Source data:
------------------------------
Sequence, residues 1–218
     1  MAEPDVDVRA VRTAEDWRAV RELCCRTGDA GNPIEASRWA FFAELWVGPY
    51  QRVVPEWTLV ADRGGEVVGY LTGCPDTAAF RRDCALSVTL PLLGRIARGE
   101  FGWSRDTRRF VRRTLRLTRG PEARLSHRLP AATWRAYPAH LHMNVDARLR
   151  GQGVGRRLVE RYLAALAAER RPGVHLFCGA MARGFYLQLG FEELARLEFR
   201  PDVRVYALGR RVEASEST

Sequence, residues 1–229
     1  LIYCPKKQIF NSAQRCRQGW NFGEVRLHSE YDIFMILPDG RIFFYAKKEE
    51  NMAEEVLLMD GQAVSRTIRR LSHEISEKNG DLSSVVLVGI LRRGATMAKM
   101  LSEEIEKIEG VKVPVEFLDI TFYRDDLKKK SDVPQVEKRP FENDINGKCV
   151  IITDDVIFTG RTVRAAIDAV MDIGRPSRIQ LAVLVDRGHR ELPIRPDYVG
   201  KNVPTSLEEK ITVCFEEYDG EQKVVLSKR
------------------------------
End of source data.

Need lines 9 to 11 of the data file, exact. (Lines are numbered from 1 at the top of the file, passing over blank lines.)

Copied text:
    51  NMAEEVLLMD GQAVSRTIRR LSHEISEKNG DLSSVVLVGI LRRGATMAKM
   101  LSEEIEKIEG VKVPVEFLDI TFYRDDLKKK SDVPQVEKRP FENDINGKCV
   151  IITDDVIFTG RTVRAAIDAV MDIGRPSRIQ LAVLVDRGHR ELPIRPDYVG